s leveled the playing field for retail and institutional investors – the bond market lacks liquidity and price transparency except for the most liquid of bonds. For the self-directed bond investor, for whom it may make little sense to invest in expensive actively managed bond funds, exchange-traded funds (ETFs) which track bond indices may offer a good alternative.
Overview Of Bond ETFs
While similar to other ETFs (see Introduction To Exchange-Traded Funds), bond ETFs are unique in the world of fixed income because, as they are traded on stock exchanges, the current and historical prices of bond ETFs are available to all investors. Historically, this kind of price transparency for bonds has been available only to institutional investors.
The challenge for the architect of a bond ETF is to ensure that it closely tracks its respective index in a cost-effective manner despite the lack of liquidity in the bond market. Most bonds are held until maturity, so an active secondary market is typically not available for them. This makes it difficult to ensure a bond ETF encompasses enough liquid bonds to track an index. This challenge is bigger for corporate bonds than for government bonds.
The suppliers of bond ETFs get around the liquidity problem by using representative sampling, which simply means tracking only a sufficient number of bonds to represent an index. The bonds used in the representative sample tend to be the largest and most liquid in the index. For example, the Lehman Aggregate Bond Index contains more than 6,000 bonds, but the Barclays iShare Lehman Aggregate Bond Fund (AGG) contains only a little over 100 of those bonds.
And, given the liquidity of government bonds, tracking errors will be less of a problem with ETFs that represent government bond indices.
Bond ETFs pay out interest through a monthly dividend, while any capital gains are paid out through an annual dividend. For tax purposes these dividends are treated as either income or capital gains. (However, the tax efficiency of bond ETFs is not a big factor because capital gains do not play as big of a part in bond returns as they do in stock returns.)
Finally, bond ETFs are available on a global basis. Barclays Global Investors, for example, has created ETFs that are available in the U.S., Europe and Canada.
Bond ETFs Versus Bond Ladders
The liquidity and transparency of an ETF offers advantages over a passively held bond ladder. (See The Basics Of The Bond Ladder.) Bond ETFs offer instant diversification and a constant duration, which means an investor needs to make only one trade to get a fixed-income portfolio up and running. A bond ladder, which requires buying individual bonds, does not offer this luxury.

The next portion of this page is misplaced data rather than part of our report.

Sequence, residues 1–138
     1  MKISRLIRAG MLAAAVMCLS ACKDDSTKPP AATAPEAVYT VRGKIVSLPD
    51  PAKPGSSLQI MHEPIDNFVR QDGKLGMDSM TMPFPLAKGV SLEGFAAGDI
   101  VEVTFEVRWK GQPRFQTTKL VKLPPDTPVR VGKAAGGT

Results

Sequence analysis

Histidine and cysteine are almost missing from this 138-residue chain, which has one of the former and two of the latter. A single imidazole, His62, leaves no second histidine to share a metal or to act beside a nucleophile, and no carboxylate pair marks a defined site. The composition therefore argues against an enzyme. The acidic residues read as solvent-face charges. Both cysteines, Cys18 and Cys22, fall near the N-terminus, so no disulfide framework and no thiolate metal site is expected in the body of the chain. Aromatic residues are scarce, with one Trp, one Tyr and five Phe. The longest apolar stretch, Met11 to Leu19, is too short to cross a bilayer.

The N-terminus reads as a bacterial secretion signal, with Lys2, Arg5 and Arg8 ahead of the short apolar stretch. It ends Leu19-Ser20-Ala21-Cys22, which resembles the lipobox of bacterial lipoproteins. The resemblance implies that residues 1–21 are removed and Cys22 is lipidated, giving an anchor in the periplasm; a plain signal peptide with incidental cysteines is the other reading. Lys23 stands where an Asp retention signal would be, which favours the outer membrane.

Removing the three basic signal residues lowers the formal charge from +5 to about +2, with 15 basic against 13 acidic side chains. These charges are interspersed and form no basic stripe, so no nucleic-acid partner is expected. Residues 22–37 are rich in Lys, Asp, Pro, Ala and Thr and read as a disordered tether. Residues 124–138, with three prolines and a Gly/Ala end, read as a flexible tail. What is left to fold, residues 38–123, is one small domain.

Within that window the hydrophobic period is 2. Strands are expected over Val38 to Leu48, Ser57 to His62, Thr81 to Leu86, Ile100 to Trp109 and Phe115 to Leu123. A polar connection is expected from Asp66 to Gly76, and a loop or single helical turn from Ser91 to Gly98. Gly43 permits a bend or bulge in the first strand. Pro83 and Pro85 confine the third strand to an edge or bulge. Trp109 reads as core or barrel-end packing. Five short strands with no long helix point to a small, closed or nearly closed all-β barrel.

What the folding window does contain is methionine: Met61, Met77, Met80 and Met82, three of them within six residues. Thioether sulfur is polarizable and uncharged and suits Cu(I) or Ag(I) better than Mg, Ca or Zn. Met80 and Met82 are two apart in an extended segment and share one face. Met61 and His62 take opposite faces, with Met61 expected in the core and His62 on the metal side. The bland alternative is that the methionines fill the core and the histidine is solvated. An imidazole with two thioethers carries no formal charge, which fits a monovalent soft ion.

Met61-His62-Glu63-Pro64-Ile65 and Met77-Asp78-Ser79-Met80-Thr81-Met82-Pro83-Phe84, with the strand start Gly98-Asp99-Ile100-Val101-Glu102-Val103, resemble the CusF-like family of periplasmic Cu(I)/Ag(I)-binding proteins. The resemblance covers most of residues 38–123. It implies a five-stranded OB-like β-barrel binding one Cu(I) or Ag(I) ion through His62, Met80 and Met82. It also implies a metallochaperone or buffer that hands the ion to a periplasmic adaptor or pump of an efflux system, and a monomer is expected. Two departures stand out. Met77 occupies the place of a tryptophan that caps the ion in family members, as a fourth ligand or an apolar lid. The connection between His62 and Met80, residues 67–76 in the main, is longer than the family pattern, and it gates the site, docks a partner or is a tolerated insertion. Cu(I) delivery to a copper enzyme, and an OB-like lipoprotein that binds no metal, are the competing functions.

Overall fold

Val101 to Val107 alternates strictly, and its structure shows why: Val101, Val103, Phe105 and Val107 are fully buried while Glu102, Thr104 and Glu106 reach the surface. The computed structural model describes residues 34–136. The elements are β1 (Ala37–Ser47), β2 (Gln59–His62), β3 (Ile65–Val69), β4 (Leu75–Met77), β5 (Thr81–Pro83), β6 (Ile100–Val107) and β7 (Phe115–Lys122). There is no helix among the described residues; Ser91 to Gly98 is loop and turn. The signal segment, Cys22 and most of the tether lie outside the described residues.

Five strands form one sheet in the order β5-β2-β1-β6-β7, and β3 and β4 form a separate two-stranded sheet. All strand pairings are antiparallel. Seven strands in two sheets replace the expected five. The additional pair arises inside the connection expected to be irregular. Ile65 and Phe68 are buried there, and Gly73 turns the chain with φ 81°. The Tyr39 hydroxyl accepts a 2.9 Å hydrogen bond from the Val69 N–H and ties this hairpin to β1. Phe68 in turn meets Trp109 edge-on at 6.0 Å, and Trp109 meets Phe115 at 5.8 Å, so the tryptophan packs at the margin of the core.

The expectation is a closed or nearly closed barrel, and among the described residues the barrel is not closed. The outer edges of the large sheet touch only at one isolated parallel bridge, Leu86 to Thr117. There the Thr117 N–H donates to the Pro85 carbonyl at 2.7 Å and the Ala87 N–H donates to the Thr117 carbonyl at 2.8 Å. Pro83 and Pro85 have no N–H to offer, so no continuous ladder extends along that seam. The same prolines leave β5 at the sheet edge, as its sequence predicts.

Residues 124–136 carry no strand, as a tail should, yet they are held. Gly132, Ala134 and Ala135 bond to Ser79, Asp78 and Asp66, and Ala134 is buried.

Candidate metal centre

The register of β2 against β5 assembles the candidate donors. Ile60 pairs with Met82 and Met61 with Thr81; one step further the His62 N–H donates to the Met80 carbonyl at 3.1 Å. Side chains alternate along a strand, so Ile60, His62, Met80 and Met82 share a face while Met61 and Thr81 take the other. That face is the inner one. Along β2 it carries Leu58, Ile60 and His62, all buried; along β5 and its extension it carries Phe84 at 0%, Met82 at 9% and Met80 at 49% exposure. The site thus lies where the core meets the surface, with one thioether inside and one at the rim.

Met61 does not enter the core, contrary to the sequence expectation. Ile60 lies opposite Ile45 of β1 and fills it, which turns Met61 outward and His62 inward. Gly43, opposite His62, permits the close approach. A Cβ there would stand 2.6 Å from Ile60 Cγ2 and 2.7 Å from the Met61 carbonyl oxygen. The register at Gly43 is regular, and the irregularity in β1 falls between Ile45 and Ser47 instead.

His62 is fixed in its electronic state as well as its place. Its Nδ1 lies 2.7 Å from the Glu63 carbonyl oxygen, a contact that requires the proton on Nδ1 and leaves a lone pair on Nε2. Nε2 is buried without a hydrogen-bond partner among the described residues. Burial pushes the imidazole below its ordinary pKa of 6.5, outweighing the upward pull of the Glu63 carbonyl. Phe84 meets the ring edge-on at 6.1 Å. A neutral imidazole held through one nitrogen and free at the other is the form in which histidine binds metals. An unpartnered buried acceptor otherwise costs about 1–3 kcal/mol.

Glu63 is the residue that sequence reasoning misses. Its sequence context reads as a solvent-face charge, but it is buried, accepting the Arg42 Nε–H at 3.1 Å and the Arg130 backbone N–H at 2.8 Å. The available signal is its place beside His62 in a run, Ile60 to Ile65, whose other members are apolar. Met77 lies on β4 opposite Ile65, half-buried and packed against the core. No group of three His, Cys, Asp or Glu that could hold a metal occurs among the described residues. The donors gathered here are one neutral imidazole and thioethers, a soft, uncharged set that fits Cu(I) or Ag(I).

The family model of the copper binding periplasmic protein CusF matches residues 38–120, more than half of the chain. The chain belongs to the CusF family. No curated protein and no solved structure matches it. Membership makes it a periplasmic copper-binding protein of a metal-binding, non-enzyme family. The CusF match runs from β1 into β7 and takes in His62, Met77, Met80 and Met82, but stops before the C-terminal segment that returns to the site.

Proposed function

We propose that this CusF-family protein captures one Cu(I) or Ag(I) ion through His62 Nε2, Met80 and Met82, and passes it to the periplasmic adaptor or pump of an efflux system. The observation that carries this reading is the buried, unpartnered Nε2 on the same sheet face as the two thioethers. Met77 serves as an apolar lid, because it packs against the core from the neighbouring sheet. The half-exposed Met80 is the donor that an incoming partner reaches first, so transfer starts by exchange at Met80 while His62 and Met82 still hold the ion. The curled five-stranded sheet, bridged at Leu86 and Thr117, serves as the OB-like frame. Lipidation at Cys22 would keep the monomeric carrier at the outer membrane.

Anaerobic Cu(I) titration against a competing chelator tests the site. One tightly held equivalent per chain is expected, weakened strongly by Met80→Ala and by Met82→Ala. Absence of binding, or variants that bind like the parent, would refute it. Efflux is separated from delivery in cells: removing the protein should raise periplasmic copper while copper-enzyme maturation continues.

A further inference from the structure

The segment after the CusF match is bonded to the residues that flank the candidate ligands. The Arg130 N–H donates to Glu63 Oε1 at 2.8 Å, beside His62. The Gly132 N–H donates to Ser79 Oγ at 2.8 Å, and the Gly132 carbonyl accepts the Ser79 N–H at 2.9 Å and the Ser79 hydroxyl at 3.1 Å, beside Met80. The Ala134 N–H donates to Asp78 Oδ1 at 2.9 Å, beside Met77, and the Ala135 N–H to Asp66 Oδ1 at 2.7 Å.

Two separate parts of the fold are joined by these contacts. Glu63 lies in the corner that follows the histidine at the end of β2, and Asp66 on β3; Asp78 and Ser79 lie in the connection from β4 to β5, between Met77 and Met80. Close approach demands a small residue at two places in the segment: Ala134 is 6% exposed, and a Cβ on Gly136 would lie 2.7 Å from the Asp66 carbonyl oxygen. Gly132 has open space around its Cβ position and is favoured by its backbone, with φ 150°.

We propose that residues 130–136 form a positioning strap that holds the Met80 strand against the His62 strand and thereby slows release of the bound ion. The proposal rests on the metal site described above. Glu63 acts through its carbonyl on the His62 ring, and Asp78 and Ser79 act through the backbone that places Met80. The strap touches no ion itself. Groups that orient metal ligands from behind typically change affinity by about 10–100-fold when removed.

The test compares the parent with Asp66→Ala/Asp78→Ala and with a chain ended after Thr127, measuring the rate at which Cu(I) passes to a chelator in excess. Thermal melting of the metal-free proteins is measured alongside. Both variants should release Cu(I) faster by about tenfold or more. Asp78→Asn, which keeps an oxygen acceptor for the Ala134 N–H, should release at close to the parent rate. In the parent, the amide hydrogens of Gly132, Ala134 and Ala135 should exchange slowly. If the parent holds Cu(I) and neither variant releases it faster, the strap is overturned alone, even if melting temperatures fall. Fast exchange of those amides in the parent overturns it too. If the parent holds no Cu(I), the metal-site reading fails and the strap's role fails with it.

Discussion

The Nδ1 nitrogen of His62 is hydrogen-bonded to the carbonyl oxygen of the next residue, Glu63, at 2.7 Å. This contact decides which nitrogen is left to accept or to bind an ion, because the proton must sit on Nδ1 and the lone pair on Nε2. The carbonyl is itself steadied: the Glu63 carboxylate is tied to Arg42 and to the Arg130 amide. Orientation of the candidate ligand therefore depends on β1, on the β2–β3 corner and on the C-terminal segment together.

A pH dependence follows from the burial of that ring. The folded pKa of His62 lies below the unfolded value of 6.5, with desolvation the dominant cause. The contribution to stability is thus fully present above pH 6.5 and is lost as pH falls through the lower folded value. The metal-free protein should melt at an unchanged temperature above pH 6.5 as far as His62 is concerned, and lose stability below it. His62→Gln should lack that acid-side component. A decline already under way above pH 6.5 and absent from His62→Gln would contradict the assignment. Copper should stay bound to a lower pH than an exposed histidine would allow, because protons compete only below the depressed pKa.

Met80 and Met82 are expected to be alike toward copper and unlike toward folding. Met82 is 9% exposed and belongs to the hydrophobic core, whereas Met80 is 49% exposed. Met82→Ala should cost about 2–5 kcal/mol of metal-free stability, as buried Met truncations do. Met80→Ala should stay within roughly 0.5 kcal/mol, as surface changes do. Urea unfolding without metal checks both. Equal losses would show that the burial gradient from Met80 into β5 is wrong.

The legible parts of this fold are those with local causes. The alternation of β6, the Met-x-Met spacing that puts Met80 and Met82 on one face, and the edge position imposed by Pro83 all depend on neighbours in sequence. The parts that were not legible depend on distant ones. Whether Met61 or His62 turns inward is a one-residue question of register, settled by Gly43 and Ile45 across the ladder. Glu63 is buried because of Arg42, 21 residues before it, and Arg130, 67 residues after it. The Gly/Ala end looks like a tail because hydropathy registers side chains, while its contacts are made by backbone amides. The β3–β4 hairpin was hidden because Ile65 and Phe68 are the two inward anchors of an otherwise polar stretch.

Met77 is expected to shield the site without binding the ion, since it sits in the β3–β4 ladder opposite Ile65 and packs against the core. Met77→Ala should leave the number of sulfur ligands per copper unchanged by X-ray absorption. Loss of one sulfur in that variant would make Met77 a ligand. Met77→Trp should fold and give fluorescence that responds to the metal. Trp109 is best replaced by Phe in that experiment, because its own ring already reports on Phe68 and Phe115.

One disadvantage of bond ETFs is that they charge an ongoing management fee. While lower spreads on trading bond ETFs help offset this somewhat, the issue will still prevail with a buy-and-hold strategy over the longer term. The initial trading spread advantage of bond ETFs is eroded over time by the annual management fee.
The second disadvantage is that there is no flexibility to create something unique for a portfolio. For example, if an investor is looking for a high degree of income or no immediate income at all, bond ETFs may not be the product for him or her.
Bond ETFs Versus Index Bond Funds
Bond ETFs and index bond funds cover similar indices, use similar optimization strategies and have similar performance. (See The Lowdown On Index Funds.) Bond ETFs, however, are the better alternative for those looking for more flexible trading and better transparency. The make-up of the underlying portfolio for a bond ETF is available daily online, but this type of information for index bond funds is available only on a semi-annual basis. Furthermore, on top of being able to trade bond ETFs throughout the day, active traders can enjoy the ability to use margin, sell short and trade options on these securities.
The main disadvantage of bond ETFs is the trading commissions they generate. Therefore, they make more sense for larger and less frequent trades. However, ETFs don’t pose this disadvantage for investors who purchase their index bond funds through a third party (such as an online broker), which also charges a fee for the fund trade.
The bond ETF is an exciting new addition to the bond market, offering an excellent alternative to self-directed investors who, looking for ease of trading and increased price transparency, want to practice indexing or active bond trading. However, bond ETFs are suitable for particular strategies. If, for instance, you are looking to create a specific income stream, bond ETFs may not be for you. Be sure to compare your alternatives before investing.